Flying between these absurdly large flowers of hybrid rose mallow (Hibiscus moscheutos), this bumblebee was practically glowing yellow from all the pollen.But note how the wings remain mostly clean. Bees are hairy, the hairs statically charged to help pollen stick to them. Of course, you wouldn’t want your wings to be laden with pollen or anything else when you fly.
Posts Tagged 'flowers'
Tags: Brooklyn, Brooklyn Bridge Park, flowers, plants
Tags: bees, Brooklyn, flowers, honey bees
Tags: flowers, fungus, Maine, mushrooms, plants
A few more from Maine. Here’s Low-bush Blueberry (Vaccinium angustifolium) in flower. I’m mad for those little Maine blueberries, which I get frozen and eat all winter.Starflower (Trientalis borealis).Bunchberry (Cornus canadensis), a wildflower relation of Dogwood.Jack-in-the-Pulpit (Arisaema triphyllum) needs to be revealed. Hiding its light under a bushel. This is a plant I’ve never run across locally, and more is the pity.A lichen? Red-belted or banded polyphore (Fomitopsis pinicola).A fine example of witch’s broom, whereby something (fungi, insects, mites, nematodes, viruses, etc. are all possibilities) causes the plant to grow wildly thusly. They are variations on the principal of the gall: another life form hijacking the plant’s own growth systems. In this case, the intruding element interferes with the hormone that limits bud growth, and the tree goes wild.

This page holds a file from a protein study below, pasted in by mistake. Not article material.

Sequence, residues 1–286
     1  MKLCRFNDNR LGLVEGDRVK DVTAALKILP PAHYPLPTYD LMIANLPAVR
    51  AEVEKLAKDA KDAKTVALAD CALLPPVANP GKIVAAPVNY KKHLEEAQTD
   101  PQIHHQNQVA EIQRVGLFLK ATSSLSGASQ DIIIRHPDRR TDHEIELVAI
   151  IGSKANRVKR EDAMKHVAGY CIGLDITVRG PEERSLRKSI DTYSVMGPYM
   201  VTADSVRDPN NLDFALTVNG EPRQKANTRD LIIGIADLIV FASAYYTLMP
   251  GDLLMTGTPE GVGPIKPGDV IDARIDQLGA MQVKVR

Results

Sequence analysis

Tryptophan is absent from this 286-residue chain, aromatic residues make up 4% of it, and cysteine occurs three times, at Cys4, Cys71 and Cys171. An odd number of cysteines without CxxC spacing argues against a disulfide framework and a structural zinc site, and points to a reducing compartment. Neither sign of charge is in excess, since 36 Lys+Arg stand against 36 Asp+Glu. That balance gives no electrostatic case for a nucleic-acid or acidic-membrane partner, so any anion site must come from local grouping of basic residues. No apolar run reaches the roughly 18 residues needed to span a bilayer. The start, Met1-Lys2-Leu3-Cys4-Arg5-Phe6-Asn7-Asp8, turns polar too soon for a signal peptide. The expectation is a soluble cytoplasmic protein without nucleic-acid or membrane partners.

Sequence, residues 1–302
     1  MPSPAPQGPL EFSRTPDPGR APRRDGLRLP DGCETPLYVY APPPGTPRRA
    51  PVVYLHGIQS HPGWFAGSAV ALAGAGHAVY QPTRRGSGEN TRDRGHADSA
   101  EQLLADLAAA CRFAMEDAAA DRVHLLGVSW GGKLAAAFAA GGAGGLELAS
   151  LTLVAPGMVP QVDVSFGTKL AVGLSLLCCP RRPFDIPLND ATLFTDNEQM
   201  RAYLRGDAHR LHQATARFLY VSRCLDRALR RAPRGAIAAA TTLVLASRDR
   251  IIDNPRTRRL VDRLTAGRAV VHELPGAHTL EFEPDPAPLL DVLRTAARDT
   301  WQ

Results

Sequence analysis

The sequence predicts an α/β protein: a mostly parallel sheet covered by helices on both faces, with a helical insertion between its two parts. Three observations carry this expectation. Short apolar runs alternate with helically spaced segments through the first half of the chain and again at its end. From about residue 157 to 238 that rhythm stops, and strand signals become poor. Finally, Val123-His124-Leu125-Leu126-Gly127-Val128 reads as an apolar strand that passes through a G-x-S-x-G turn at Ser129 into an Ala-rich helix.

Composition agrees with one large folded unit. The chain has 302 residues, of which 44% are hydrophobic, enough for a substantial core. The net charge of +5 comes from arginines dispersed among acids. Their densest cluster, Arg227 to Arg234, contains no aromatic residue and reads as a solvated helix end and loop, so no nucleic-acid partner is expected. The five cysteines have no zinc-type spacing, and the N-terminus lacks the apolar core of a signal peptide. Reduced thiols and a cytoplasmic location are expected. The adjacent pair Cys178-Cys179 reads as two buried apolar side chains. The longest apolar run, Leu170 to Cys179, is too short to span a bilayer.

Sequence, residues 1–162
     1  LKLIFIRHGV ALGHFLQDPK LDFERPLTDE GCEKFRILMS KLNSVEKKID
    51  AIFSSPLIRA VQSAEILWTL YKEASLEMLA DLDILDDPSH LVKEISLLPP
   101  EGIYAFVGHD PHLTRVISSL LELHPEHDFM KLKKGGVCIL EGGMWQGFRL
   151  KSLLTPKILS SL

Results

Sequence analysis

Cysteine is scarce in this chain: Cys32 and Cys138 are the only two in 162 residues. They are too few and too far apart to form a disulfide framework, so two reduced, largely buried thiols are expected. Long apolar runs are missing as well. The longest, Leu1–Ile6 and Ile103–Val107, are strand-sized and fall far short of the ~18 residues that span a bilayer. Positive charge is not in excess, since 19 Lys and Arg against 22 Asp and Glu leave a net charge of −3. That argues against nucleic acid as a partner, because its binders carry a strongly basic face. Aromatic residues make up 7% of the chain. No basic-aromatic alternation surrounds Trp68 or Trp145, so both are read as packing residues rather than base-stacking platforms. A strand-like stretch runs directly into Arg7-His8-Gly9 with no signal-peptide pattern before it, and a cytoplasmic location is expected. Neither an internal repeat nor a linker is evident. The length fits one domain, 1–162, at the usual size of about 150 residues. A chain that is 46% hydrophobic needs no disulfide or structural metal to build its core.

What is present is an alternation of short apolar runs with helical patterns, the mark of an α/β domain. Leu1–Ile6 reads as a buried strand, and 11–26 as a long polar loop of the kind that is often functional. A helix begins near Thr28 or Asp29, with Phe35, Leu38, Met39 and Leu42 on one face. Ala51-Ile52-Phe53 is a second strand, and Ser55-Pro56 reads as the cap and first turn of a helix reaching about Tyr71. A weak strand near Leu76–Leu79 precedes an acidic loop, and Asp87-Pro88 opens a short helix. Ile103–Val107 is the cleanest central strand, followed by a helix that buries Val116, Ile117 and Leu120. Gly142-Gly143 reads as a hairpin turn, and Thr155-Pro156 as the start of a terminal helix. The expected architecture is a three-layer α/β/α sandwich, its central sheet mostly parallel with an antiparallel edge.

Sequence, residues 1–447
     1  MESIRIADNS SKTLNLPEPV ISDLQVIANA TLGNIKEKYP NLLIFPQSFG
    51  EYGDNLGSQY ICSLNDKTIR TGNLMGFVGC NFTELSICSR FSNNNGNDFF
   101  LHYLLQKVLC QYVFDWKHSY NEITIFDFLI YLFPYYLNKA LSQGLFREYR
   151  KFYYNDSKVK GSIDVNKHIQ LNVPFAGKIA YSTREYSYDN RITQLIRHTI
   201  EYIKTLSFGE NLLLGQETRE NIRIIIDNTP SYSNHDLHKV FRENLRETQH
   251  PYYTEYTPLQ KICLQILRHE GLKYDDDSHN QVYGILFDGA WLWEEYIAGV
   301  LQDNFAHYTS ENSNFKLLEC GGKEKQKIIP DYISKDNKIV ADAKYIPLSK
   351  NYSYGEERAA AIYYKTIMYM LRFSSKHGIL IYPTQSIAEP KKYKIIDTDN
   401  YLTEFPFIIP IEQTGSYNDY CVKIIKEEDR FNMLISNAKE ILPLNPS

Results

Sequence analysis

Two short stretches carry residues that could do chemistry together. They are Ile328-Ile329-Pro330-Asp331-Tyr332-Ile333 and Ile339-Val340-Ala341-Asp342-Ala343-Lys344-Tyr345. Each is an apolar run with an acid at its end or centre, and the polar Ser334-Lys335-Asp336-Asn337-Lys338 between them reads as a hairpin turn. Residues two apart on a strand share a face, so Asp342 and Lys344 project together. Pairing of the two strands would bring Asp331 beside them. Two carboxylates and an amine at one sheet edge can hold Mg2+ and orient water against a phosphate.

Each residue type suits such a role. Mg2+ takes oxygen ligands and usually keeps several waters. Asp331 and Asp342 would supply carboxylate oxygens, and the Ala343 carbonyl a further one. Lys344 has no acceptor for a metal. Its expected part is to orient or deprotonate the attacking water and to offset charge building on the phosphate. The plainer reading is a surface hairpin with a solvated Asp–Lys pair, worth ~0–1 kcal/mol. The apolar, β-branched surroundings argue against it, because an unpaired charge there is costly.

Blue Flag Iris (Iris versicolor) blooming now. These are also known as Wild Iris, Harlequin Blueflag, and Northern Blue Flag. Look for them in swamps, marshes, and wet shorelines from Virginia to Canada. Watch honeybees and native bees land on the large petal, which must look AMAZING in their ultraviolet-shifted vision, and scoot down into the nectary through the roofed-over passage. Sometimes they’ll exit on the side if they are small enough.